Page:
“The day James came by my studio was one of the highlights of my life. He was so friendly and kind. I just saw his wife Dorothy and she mentioned how much enjoyment he got out of that day. I can certainly say that for me, it’s all about the people you work with… and if it includes actors that you grew up watching, all the better. Juliet Mills (Nanny and the Professor, Beyond the Door) comes to mind as well as Yoshio Tsuchiya (Invasion of the Astro Monster, Red Beard)  Tetsuro Tamba (You Only Live Twice),  Armin Shimerman (Star Trek: Deep Space 9) Robert Spafford (Once Upon A Time in the West), Ken Clark (South Pacific, Attack of the Giant Leeches)… the list could go on and on.”


Do you approach a project any different if it’s something with CGI effects vs practical effects? What is the biggest difference for you now that such a thing is so prominent?


“I try to be open-minded when it comes to post-production effects as they are another tool to create a better finished product. It’s difficult when it becomes more of a competition, rather than collaboration.”



What was your most enjoyable work during your career?


“Creating the Python character for Stan Lee’s Lightspeed is a particular stand-out. Though the schedule and budget were lower than I would have preferred, everybody on the crew creating the elements from my design deserve credit for their dedication… especially toward the end when everything had to ship out. The location shoot with Ross Tallent as my assistant was one of the best of my career. That one, I’m most proud of.”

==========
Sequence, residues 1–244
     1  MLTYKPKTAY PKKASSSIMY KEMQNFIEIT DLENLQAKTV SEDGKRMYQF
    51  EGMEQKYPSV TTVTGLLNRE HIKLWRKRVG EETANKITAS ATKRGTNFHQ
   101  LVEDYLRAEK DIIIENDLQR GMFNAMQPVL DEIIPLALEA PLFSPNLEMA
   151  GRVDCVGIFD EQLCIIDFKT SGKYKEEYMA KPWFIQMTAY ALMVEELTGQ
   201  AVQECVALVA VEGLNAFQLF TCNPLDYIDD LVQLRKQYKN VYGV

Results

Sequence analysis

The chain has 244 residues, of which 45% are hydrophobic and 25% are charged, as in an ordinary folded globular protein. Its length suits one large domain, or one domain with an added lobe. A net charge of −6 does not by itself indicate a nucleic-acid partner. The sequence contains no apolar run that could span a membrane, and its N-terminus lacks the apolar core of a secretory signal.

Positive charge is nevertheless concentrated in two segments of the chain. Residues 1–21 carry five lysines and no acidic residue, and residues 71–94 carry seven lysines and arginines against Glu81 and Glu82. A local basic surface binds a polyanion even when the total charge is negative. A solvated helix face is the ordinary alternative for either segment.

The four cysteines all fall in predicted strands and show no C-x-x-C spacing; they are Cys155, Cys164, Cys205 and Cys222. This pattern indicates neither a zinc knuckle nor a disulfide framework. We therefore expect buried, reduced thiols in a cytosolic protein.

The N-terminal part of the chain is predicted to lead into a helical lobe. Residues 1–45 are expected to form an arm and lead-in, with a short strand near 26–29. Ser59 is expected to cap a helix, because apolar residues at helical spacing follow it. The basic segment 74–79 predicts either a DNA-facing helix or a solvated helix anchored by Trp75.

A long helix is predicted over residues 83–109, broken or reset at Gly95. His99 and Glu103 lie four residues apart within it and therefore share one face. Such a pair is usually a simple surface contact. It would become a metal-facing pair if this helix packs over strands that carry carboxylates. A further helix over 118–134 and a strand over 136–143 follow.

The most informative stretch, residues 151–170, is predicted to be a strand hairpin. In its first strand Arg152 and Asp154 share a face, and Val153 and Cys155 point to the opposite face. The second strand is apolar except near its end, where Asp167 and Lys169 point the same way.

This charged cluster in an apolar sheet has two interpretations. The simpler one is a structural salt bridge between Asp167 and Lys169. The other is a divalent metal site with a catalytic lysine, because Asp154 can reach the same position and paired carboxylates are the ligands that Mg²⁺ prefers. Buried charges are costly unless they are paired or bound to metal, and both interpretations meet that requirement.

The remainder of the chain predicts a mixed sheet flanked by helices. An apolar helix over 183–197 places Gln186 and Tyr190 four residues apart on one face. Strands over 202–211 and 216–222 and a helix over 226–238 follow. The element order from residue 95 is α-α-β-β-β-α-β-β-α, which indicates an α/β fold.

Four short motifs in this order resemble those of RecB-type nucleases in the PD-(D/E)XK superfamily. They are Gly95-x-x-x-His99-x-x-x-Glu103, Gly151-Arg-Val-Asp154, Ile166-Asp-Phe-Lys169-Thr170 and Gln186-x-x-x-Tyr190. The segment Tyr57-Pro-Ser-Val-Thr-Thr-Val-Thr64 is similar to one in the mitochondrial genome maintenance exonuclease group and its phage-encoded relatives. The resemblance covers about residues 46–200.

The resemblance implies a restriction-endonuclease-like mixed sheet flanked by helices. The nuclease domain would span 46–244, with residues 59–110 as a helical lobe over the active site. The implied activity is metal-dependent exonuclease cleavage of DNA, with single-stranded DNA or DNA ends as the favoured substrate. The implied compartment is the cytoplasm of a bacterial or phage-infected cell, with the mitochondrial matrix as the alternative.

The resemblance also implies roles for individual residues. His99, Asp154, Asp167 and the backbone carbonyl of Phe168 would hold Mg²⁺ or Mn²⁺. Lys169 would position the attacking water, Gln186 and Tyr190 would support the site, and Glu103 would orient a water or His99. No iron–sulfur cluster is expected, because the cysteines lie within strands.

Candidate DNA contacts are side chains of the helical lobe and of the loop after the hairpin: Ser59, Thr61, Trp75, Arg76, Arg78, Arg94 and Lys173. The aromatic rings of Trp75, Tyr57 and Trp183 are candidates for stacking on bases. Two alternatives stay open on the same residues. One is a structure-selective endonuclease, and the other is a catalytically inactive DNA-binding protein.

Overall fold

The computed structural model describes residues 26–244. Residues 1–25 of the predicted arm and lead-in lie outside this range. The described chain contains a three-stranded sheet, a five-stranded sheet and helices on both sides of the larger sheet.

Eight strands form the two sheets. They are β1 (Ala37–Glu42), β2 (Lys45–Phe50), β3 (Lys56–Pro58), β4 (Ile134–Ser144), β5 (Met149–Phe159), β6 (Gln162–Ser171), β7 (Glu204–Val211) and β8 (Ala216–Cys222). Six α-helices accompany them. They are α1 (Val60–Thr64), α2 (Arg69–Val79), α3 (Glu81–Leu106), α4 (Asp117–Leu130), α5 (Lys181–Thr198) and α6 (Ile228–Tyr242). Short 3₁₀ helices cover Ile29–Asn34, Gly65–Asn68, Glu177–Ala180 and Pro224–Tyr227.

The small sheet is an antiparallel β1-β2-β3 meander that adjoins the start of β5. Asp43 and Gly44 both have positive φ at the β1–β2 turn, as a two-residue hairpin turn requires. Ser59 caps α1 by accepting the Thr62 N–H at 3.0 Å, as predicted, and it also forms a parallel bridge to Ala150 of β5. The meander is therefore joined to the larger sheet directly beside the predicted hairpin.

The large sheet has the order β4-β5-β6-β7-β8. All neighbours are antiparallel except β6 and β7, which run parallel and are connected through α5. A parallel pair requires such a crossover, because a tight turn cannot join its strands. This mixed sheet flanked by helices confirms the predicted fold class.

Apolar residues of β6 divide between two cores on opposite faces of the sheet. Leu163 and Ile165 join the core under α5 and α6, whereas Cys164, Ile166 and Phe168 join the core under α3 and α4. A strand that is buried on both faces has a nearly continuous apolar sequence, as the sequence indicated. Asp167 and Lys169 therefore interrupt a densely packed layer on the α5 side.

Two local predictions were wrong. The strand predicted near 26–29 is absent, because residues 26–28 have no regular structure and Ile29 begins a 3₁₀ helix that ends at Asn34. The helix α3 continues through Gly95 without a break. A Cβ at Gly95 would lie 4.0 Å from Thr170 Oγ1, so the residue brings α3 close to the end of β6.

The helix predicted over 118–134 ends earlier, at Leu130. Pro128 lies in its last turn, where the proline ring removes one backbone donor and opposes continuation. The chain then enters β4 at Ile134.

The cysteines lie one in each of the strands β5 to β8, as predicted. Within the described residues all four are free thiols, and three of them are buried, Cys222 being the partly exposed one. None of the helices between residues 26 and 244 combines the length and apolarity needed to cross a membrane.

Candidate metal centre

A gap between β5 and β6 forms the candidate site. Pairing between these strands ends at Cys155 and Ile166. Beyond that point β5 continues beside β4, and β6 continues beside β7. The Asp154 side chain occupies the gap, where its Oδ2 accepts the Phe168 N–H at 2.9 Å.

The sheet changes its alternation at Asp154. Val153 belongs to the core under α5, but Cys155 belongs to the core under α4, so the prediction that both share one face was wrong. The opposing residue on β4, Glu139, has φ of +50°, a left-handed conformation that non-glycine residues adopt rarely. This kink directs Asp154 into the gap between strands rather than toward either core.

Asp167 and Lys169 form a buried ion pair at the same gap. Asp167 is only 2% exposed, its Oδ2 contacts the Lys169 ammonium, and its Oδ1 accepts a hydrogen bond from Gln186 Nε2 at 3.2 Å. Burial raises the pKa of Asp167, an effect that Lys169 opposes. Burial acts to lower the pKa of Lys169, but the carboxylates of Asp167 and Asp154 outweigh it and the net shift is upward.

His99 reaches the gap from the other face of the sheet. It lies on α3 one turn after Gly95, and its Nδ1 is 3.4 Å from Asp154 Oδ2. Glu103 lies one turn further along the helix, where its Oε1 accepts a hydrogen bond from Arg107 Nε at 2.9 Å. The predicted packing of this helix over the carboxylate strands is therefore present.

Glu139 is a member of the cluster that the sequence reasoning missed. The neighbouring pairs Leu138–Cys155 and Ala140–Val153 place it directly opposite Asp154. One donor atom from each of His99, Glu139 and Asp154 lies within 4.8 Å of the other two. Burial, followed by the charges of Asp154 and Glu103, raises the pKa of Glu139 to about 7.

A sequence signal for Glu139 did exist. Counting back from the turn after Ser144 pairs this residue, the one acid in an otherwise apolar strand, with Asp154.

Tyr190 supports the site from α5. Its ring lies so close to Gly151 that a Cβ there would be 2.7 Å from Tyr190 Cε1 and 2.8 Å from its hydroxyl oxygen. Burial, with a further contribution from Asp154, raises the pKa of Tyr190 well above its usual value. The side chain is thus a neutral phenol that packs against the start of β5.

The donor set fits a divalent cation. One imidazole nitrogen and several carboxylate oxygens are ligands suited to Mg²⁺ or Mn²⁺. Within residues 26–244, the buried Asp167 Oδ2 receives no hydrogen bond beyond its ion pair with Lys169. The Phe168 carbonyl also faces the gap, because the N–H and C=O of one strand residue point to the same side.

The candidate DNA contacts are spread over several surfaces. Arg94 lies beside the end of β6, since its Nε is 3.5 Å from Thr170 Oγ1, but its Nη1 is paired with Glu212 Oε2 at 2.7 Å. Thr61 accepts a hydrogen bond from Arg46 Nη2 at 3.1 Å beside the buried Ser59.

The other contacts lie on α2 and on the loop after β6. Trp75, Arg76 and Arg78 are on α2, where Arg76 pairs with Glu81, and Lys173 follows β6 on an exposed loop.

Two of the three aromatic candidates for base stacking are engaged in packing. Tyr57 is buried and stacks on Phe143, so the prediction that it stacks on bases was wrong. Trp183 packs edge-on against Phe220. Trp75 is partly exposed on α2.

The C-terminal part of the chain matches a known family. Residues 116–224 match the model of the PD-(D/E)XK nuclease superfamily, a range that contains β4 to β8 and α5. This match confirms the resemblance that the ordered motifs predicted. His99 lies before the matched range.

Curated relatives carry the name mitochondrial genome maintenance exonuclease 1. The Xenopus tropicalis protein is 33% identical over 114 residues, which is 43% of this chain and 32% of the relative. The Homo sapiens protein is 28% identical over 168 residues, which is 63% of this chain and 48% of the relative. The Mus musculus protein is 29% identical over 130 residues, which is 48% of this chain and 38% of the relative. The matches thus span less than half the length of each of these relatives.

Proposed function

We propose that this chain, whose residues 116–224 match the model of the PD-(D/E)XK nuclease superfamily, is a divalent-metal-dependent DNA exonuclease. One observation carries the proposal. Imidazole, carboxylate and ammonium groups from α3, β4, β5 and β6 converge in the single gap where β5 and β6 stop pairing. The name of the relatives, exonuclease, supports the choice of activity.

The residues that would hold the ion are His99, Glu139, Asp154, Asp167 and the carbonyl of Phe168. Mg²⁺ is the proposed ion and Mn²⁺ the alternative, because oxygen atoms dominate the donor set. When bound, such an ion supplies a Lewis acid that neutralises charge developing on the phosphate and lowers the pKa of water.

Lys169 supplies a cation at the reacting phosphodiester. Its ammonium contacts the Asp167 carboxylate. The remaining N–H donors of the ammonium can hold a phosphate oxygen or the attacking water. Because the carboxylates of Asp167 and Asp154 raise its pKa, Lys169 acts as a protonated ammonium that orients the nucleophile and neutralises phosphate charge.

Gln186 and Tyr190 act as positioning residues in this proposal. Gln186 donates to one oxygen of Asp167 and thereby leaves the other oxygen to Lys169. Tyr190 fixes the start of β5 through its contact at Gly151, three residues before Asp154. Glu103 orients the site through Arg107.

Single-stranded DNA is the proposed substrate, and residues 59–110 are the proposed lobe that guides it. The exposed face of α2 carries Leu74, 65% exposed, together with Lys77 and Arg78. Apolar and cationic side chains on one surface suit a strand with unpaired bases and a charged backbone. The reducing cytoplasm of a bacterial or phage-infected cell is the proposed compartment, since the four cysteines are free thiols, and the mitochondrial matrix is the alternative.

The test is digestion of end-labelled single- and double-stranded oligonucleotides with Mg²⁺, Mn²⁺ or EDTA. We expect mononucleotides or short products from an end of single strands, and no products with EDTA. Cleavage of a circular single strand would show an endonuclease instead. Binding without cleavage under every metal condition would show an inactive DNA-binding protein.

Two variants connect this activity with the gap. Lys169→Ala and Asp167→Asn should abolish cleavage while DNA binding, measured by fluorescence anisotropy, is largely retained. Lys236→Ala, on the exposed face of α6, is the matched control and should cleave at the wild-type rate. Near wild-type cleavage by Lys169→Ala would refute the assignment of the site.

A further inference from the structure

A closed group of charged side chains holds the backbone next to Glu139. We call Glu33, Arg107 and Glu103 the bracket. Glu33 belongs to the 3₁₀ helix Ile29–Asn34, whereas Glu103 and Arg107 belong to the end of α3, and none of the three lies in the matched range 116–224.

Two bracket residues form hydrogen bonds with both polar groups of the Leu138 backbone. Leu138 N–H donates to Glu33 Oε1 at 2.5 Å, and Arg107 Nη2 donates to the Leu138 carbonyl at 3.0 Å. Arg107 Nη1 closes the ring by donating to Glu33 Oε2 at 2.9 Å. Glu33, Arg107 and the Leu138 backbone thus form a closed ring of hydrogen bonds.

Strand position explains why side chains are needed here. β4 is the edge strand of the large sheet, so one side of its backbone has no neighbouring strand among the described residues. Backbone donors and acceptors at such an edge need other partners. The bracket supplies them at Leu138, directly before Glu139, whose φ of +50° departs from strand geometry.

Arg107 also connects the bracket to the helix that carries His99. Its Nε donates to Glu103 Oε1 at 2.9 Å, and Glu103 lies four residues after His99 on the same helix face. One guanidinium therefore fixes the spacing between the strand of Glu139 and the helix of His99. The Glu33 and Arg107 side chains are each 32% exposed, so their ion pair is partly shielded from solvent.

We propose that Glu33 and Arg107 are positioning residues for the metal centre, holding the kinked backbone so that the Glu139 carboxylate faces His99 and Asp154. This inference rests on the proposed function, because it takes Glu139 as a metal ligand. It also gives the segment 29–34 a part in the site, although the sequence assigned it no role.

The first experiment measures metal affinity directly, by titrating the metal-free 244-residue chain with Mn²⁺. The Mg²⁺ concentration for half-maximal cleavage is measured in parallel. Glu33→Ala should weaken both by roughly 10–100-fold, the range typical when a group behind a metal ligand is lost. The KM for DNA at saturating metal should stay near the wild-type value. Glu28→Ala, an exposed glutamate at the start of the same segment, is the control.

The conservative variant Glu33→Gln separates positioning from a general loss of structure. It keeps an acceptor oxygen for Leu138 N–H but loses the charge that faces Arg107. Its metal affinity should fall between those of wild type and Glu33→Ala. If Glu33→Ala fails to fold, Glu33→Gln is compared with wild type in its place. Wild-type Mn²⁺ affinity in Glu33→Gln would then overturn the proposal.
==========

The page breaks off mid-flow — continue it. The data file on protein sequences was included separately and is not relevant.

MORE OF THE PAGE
What else can we look forward to seeing from you in the future?


“Currently, I’m creating a likeness of legendary author, Ray Bradbury for Bill Oberst Jr.’s stage show, Ray Bradbury Live (forever). Also, I am fabricating an oversized insect puppet for another feature, The Uncanny. My Babysitter, The Superhero as well as The Three Bears and the Perfect Gift will be released over the next few months. My real passion though are the paintings I am creating from my past memories of seeing the fantastic images in the pages of Famous Monsters and films I grew up on.”


Thank you for your time and we look forward to seeing what’s next!


“You are welcome and thank you for giving me this opportunity!”



RETURN OF THE KILLER SHREWS is now available on VOD!